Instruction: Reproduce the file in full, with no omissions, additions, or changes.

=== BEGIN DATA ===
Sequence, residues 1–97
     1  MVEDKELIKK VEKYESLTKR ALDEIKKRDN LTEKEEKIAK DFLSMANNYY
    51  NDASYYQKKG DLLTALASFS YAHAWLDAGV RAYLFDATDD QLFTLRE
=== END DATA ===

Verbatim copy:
Sequence, residues 1–97
     1  MVEDKELIKK VEKYESLTKR ALDEIKKRDN LTEKEEKIAK DFLSMANNYY
    51  NDASYYQKKG DLLTALASFS YAHAWLDAGV RAYLFDATDD QLFTLRE